Planned giving: Making the most of your charitable giving.
The term “planned giving” refers to charitable gifts that require some planning before they are made. Planned gifts can provide valuable tax benefits and/or income for life. Whether a donor uses cash or other assets, the benefits of funding a planned gift can make this type of charitable giving very attractive to both the donor and charity. Potential benefits of planned gifts:
- Increase current income for the donor or others
- Reduce the donor’s income tax
- Avoid capital gains tax
- Pass assets to family at a reduced tax cost
- Make significant donations to charity
With the assistance of a well-informed development officer and/or financial advisor, anyone can craft a planned gift to meet his or her charitable and financial goals. Planned gifts include bequests, trusts, and contracts between a donor and a charity.
Types of planned gifts:
Bequest – When a donor decides to leave assets to charity in his or her will, he or she is making a bequest. The donor’s estate will receive a charitable estate tax deduction at his or her death, when the gift is made to charity.
Charitable Gift Annuity – A Charitable Gift Annuity is an agreement between an individual/couple and a qualified charitable organization. The individual or couple transfers assets to the charity and, in turn, receives fixed payments for the remainder of their lives, guaranteed by the full worth of the charity, usually at a greater return than current investments.
Charitable Remainder Trust – This trust makes payments, either a fixed amount (annuity trust) or a percentage of trust principal (unitrust), to whomever the donor chooses to receive income. The donor may claim a charitable income tax deduction and may not have to pay any capital gains tax if the gift is of appreciated property. At the end of the trust term, the charity receives whatever amount is left in the trust. Charitable remainder unitrusts provide some flexibility in the distribution of income, and thus can be helpful in retirement planning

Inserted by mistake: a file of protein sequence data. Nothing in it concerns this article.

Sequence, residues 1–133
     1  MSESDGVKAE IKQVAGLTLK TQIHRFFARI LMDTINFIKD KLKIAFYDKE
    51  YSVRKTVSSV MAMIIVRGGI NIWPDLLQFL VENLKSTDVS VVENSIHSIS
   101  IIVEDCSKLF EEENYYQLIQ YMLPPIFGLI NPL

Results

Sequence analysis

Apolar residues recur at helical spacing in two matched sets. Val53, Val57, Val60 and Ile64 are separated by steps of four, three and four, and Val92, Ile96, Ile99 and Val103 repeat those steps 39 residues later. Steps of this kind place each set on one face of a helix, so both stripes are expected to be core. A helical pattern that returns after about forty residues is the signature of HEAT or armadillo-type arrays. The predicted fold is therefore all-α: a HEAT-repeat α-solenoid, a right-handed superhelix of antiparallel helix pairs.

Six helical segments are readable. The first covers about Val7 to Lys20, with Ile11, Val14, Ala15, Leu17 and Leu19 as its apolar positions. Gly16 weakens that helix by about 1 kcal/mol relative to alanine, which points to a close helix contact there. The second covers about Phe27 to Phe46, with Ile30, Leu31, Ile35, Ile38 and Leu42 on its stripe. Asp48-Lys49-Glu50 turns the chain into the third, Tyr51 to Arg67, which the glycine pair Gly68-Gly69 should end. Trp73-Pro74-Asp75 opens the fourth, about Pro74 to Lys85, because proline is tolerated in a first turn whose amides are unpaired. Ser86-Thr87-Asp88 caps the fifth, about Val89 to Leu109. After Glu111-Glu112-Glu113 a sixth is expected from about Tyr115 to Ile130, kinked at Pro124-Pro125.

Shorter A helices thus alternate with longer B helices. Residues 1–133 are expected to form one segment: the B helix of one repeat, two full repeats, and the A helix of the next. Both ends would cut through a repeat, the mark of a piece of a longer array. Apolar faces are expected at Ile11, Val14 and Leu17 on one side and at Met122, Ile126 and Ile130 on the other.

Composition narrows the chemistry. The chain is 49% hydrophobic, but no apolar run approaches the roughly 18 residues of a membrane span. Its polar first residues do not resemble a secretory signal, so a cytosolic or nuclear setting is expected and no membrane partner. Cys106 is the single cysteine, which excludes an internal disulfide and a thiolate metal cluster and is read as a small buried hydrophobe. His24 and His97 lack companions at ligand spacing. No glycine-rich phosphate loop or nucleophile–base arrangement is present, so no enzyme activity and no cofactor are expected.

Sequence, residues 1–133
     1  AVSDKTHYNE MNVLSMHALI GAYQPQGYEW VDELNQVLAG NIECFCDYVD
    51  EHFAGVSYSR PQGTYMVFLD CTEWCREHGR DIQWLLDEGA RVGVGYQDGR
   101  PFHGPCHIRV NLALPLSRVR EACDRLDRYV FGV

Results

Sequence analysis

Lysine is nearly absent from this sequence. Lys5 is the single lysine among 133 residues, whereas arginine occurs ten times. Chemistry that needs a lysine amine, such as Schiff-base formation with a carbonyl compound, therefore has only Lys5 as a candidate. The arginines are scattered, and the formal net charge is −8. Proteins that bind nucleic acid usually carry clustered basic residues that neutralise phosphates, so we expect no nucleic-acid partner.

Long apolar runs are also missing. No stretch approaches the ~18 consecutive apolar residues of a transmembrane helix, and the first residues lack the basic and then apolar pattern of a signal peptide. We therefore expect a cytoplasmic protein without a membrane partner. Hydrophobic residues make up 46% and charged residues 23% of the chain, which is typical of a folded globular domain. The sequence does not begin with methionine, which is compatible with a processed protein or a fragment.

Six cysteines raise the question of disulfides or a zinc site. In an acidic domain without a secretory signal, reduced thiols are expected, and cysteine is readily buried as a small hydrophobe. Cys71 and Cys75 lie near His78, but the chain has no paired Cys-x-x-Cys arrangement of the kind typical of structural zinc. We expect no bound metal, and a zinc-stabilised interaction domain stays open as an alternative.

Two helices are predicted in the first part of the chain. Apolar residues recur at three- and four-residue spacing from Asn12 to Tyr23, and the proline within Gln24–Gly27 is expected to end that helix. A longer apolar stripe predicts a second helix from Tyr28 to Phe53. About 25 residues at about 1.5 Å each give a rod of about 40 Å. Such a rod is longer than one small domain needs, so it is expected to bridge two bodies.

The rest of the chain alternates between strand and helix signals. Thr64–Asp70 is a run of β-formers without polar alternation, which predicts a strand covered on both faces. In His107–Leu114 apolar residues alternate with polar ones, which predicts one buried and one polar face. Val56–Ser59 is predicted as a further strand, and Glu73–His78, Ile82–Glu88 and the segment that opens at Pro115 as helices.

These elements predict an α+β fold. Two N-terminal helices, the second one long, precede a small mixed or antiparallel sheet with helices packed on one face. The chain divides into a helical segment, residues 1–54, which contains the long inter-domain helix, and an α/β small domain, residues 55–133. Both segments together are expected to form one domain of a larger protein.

Charitable Lead Trust – This trust makes payments, either a fixed amount (annuity trust) or a percentage of trust principal (unitrust), to charity during its term. At the end of the trust term, the principal can either go back to the donor (a grantor lead trust) or to heirs named by the donor (a non-grantor lead trust). The donor may claim a charitable income tax deduction for funding a grantor lead trust or a charitable gift tax deduction for funding a non-grantor lead trust. Since lead trusts are typically used to pass assets to heirs, non-grantor lead trusts are far more common than grantor lead trusts.
Retained Life Estate – A donor may make a gift of his or her personal residence to charity and retain the right to live there for the remainder of his or her life. The donor receives an immediate income tax deduction for the gift. At the donor’s death, the charity can use or sell the property.